The periods in literature are more confusing and more poorly defined because writers are artists, which means we’re all babies and can’t make up our minds about anything. Periods overlap and lack any clear start or end. Contemporary literature, I guess, starts in the 1930s, because that’s what Wikipedia said. More or less.

But is that what this guy meant by contemporary? Your typical bookstore browser might say contemporary but mean current, present-day. Does he want new releases? How new? And what does he really mean by ‘poetically written’? I can jot down some sentence fragments full of adjectives and no clear point, if that’s what he wants. Better yet, I’ll write a full page and just delete every third word, let’s call that poetry. I think someone may have written a poem on the wall in the men’s room, how’s that for contemporary?

I offered up Salman Rushdie’s Haroun and the Sea of Stories, but that’s more fantastical than poetic, even though I found the writing beautiful; a children’s book written for adults.  This reminded me I have yet to read Rushie’s sequel to Haroun, which aggravated me even more.  Giving up I said dismissively, “Just give him some Gabriel Garcia Marquez. Every death article I’ve read talks about how poetic his writing is. Or maybe I’m confusing that with magical realism. I don’t know. You’re on your own.”

Before I could complete my dramatic exit however, I suddenly thought of a book I’d read a few years ago, one I came across by chance walking down an aisle in the Fiction section. It was depressing, full of imagry and difficult to follow; if that isn’t the purest definition of poetry then—well, actually I think I’ve made it clear I have no understanding of poetry.  After handing this book off to my coworker a couple others came to mind, and for no particular reason, I’m going to share them with you.  I’ll start with the one the guy purchased…

Tinkers Paul HardingTinkers / Paul Harding

It was weird. It left me feeling as though I was looking up while being sucked down into a whirlpool. It’s been a couple years since I read it, so that could actually be something that happened in the book, I’m not sure. That’s the only way I can describe my memory of reading it. It centers on an man lying in a hospital bed in his dining room dying. In and out of consciousness, the world around him constantly breaks down as he moves through his memories and those of his father. What’s real, what is hallucination, what is the point of… all of it?

The cover of the paperback is absolutely appropriate: a snow-covered field, a solitary figure. Imagine being that—no, imagine being in that field and seeing that figure.  Walking across the field in the snow, the cold reaching through your coat and the fog of your breath pouring out of you, but never getting any closer to that figure, and that figure never turning around to see you.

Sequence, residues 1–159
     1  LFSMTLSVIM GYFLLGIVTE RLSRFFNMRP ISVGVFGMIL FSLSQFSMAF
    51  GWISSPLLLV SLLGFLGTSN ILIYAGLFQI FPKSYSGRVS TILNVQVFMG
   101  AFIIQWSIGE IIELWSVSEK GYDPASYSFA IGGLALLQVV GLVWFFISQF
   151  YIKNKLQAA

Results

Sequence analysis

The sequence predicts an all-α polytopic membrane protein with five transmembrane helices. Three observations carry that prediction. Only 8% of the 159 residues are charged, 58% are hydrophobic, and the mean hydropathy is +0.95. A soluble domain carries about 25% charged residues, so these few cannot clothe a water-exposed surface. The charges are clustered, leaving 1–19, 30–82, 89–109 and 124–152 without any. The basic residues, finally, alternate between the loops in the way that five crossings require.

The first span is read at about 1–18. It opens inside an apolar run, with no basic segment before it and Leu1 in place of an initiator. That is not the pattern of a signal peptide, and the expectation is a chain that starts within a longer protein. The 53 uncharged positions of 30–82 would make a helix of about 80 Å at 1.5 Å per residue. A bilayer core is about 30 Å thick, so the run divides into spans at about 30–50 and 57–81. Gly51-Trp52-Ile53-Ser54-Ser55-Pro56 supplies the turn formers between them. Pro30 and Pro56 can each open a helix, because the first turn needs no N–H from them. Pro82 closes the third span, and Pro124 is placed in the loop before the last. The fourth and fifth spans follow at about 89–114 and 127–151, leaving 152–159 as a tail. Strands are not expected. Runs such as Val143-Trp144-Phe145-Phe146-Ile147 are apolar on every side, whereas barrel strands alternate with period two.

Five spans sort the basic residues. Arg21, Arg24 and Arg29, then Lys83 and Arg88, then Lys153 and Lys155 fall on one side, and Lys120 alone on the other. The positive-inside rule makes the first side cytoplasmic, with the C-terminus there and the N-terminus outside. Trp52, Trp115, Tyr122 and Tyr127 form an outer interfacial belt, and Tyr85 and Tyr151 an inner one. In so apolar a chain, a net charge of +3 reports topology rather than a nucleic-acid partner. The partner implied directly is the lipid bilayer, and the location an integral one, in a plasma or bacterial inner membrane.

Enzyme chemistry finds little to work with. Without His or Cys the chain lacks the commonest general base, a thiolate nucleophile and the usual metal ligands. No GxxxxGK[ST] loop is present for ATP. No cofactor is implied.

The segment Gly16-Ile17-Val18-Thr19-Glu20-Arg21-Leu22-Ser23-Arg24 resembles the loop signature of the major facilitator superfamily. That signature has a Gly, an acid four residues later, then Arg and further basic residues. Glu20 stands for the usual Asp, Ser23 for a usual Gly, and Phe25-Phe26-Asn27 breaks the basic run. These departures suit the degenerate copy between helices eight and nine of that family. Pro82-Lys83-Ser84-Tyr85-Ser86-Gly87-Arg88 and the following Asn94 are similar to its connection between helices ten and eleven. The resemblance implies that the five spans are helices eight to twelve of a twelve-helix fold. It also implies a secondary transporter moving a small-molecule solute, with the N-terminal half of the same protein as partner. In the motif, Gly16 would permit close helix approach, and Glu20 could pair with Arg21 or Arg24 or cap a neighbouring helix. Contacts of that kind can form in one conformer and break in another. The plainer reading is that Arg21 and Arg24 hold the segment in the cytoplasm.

the Solitude of Prime Numbers Paolo Giordanothe Solitude of Prime Numbers / Paolo Giordano —

A few years ago, when this book first came into the store, a coworker and I instantly hated the author. Italian, good looking, twenty-seven and working on a doctorate in particle physics who, you know, in his spare time, wrote a novel. He’s probably one of those guys who makes riding a scooter look badass.  His author photo only rubs it in that I don’t have an awesome corduroy sport coat.  Yet.

The book makes you uncomfortable. There’s no point in trying to hide that from you. You care about the characters, you want things to happen, but you’re entirely sure if they deserve to be happy. You want them to be, you want things to work out. But you also give up and push them away. You’re rooting for and against them the entire time. It’s painful and beautiful in the same moment. Its infuriating. Paulo, you need to stop being awesome.

the End of the Alphabet Richardsonthe End of the Alphabet / C.S. Richardson —

I saw this book on the shelf but forgot the title and the author. Three years later I finally tracked it down after countless internet searches with the incredibly limited information I had. This book is beautiful, inside and out; it is a tragedy of literature that it is out of print. OK, that might be a slight exaggeration, but the book broke my heart. Go find a used copy of it, buy it, it’s worth it. Be dramatic and read it on the porch during an afternoon rainstorm. Have either a glass of bourbon or a cup of tea within reach. It’s a short book. You can read it in one sitting, but it will be a book that on days when you are feeling alone or lost, when nothing can hold your attention, you will want to find it on your shelf and read again.

The main character, Ambrose Zephyr is going to die. He has one month, so he and his wife pack their bags to travel the world in alphabetical order. This is about loss, it’s about dreams, about love. It’s the shortest book ever written to cover everything that makes a life beautiful.

Office Supply Therapy | a World of Possibilities